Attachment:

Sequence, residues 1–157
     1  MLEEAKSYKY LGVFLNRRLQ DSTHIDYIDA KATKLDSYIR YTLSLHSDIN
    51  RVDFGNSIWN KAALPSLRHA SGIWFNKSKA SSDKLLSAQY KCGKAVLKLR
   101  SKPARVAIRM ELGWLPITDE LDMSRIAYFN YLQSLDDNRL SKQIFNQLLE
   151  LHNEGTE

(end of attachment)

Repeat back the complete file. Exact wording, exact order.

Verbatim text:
Sequence, residues 1–157
     1  MLEEAKSYKY LGVFLNRRLQ DSTHIDYIDA KATKLDSYIR YTLSLHSDIN
    51  RVDFGNSIWN KAALPSLRHA SGIWFNKSKA SSDKLLSAQY KCGKAVLKLR
   101  SKPARVAIRM ELGWLPITDE LDMSRIAYFN YLQSLDDNRL SKQIFNQLLE
   151  LHNEGTE